At long last, Windows users can finally find an operating system they can call home.
Sure, we all remember Vista. It was bad, it was slow and it single handedly kept most people from upgrading their computers from the now ancient Windows XP.
My own experience with switching to Vista last semester was about on target with the rest of the world’s reaction. The constant bombardment of use access controls, asking me every time I wanted to do anything of any importance on the computer, the mess with getting the right drivers even at this time after launch and the amount of system resources used by Vista cause an immense amount of negative feedback that keep Windows users from upgrading. Vista became so hated that even non-computer people would often be able to tell me how horrible it was and why it was bad. That’s hatred if I’ve ever seen it.
So what of Windows 7? Was it able to come out of the gate and offer an improved version of Windows that finally gives people a reason to upgrade their older operating systems?
To be frank, yes and for a number of reasons.
While upgrading from XP to Vista had been quite an unenjoyable process, Microsoft has made the upgrade process very simple for Windows 7.
Most computers operating Vista can do a direct upgrade, with no need for a complete wipe of their hard drive or a loss of files or other programs. For other users, Microsoft has made an easy transfer program to allow for the movement of files between the operating systems.
Most important to me, however, was the cost of upgrading. Being a college student I wasn’t going to pay the 100 or so dollars for a normal Windows license. But Microsoft has offered many preorder deals, knocking the software down to an affordable $60, and discounts for students with a college e-mail address, bringing the price of upgrading for me down to a $30 gamble. Even if Windows 7 didn’t end up being all that it claimed to be, I figured I could take a risk at that heavy discount.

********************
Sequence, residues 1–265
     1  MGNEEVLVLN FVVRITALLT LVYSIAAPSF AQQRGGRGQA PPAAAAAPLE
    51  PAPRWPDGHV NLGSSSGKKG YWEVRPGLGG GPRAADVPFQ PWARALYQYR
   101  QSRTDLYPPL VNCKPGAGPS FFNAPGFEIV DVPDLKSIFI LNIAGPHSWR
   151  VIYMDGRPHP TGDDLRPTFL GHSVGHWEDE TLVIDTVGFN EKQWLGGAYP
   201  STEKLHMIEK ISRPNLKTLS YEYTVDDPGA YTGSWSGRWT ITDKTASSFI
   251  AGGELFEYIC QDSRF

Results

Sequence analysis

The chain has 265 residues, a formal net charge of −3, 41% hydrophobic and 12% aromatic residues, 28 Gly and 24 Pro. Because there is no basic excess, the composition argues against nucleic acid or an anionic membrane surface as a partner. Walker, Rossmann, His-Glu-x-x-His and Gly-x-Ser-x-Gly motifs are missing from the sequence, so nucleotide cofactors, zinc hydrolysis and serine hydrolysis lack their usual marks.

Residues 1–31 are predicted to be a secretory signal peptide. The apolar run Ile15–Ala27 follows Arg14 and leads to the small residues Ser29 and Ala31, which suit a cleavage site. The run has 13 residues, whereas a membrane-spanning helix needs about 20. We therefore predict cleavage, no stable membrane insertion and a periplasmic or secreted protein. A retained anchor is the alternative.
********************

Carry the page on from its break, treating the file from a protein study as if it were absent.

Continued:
But what about the system itself? Nobody wants to throw money away, even if it is just $30.
Since upgrading to Windows 7, I have noticed performance and speed on all of my programs, a much improved start-up and shut-down time over the snail’s pace the Vista loaded at and even a noticeably longer battery life. Windows 7 just runs cleaner and faster than Vista, and that is probably the most important factor for people looking to upgrade.
And even having done a clean install of my computer, the driver problems and program incompatibilities that bothered Vista from day one have been nonexistent for me during my Windows 7 trial, allowing for almost no reasons not to finally ditch both Vista and XP.
Cosmetically, Windows 7 has also added several new features to the outside look. A new glowing Windows symbol greets the user at the start menu, and a new toolbar allows user to ‘pin” any program they want directly to it for easy access.
Also of note is the new Aero Peek feature, which allows users to peek behind all their open windows as well as the ability for users to move open windows to either side and have them arranged in an easy side-by-side viewing array.
Looking back, after the disaster that was Windows Millenium Edition, Microsoft answered with Windows XP. And while many people still cling to XP, Microsoft has created a user-friendly operating system that maybe one day will help people forget all about the Vista years.
Clark is a member of the class of 2012.